Arts & Culture

[This submission earned Woodger Faugas first place in the Storytelling Contest personal essay category.] Imagine finding yourself: the center of attention, in a distant, though familiar, land, before a large and spirited audience, composed largely of learned, revered men.
[First place for the Storytelling Contest photography category.] This picture was taken a few months before the 2020 US presidential election, so it seemed only appropriate that a surly-looking bald eagle would appear...
Ninad Bhat’s “Batteries” is the winner of the Synapse Storytelling Contest Creative Writing category. The poem introduces an everyday, offhand idiom of the pandemic and turns to search for deeper meaning about stolen time, privilege, and racial injustice.
The results are in! Our judges have awarded the 12 best submissions to the Synapse Storytelling Contest by talented UCSF student writers and photographers. Find out who took the top prizes.

A spontaneous nighttime stroll through Golden Gate Park, led me to seeing the Conservatory of Flowers for the first time.

In graduate school, I started a family tradition of an annual camping trip with my mother and sister. In 2019, the three of us rented an exorbitantly expensive Jeep with a tent mounted on top and drove to Death Valley.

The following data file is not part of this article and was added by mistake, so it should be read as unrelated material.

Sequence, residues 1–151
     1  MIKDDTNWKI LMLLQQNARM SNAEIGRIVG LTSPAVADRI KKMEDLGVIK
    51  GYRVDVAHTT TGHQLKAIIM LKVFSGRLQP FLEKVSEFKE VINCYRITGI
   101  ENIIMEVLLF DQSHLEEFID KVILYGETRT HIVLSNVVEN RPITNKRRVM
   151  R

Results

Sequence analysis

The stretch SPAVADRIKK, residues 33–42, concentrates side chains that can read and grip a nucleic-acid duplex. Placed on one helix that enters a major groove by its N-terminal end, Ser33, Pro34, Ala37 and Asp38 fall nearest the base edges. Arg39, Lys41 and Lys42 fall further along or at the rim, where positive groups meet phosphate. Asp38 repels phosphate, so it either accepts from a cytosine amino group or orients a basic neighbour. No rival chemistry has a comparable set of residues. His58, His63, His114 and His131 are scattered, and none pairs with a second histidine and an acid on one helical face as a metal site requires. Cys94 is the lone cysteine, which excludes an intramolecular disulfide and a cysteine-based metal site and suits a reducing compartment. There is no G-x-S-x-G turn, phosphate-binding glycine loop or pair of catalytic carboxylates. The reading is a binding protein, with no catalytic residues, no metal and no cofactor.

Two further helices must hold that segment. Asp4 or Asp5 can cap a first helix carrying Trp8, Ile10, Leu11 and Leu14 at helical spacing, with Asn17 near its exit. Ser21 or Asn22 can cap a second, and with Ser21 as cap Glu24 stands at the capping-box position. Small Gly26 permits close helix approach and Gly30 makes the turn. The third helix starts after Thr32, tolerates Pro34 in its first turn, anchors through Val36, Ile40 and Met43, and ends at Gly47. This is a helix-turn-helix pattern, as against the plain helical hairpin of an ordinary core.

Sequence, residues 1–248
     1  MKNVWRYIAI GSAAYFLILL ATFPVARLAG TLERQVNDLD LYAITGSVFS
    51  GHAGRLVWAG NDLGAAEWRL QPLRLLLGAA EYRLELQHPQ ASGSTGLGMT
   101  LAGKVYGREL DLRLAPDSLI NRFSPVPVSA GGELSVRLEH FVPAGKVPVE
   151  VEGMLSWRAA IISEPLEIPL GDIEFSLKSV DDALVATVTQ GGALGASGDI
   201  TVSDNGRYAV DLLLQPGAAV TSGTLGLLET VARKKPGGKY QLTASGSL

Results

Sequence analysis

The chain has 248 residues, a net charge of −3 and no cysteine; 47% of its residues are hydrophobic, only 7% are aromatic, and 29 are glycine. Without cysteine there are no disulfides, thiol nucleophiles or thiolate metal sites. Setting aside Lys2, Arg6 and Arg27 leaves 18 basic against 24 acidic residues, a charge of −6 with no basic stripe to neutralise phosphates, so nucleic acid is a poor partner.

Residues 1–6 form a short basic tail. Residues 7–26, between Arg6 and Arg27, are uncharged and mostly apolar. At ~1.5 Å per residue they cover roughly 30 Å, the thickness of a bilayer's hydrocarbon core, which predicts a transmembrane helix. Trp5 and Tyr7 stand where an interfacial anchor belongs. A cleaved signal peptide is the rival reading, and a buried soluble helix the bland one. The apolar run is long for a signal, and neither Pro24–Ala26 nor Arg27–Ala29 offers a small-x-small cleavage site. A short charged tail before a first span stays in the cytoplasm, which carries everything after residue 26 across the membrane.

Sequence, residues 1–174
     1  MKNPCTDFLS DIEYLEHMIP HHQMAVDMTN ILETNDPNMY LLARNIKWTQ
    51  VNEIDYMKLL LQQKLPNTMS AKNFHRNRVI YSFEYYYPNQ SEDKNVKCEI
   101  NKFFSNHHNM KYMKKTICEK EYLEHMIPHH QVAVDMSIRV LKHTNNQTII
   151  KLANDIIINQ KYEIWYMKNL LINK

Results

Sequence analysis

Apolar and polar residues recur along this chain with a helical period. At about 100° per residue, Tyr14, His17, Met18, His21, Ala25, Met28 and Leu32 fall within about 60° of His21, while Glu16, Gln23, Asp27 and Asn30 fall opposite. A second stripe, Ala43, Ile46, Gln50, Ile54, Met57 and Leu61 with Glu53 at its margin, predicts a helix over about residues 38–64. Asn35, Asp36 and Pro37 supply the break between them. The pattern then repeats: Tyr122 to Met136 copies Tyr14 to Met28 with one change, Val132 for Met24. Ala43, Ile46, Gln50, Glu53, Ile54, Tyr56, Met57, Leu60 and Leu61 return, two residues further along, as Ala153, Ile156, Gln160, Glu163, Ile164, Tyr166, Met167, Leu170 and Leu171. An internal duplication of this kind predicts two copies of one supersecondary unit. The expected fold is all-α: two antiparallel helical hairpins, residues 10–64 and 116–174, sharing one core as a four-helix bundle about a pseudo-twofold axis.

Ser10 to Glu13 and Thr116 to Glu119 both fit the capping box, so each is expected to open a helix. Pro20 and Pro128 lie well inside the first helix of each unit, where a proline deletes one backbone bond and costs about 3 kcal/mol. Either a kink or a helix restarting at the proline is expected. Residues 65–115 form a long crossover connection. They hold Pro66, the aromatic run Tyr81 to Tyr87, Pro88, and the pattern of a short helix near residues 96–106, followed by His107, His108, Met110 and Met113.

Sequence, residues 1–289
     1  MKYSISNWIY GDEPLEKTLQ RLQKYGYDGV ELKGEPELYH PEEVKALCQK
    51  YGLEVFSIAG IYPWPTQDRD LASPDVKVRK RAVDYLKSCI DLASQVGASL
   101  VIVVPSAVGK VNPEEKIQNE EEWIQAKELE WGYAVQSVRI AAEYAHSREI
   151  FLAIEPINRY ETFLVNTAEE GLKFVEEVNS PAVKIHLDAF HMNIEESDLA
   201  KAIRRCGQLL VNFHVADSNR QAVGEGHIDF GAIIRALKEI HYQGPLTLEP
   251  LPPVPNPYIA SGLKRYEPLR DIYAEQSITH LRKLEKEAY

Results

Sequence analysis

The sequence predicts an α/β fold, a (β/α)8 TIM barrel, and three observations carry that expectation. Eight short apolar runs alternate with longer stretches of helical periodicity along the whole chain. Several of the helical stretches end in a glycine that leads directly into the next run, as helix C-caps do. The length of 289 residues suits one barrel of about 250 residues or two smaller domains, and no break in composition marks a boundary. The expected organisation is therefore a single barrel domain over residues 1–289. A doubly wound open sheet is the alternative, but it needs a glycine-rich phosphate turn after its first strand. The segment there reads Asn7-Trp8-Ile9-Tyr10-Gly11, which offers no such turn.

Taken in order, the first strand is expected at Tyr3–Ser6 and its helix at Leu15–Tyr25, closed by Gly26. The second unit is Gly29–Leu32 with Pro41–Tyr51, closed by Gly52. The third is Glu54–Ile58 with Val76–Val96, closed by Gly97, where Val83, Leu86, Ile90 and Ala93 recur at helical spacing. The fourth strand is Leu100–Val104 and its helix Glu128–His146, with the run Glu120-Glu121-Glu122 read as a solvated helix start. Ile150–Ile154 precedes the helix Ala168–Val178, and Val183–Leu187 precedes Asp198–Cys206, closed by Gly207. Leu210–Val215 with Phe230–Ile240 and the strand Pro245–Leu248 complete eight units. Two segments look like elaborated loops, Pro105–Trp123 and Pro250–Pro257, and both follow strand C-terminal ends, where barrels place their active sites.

A healthcare institution can value art not because of explicit ties to molecular biology or anatomy but because art in itself has a role to play in bettering healthcare providers’ lives and the lives of their patients.

As I walked below the Golden Gate bridge along the chain-wire fence meant to keep me safe and out of the bridge-side slope, I looked up and saw this little cut out.

Unless you have a dog who takes you for daily walks around the block, you may not be getting outside as often since pandemic pandemonium struck. If that’s the case, here’s a dose of inspiration.

Taken during a weekend trip to Tahoe, this photograph illustrates serenity and the multiple seasons that coincide in California.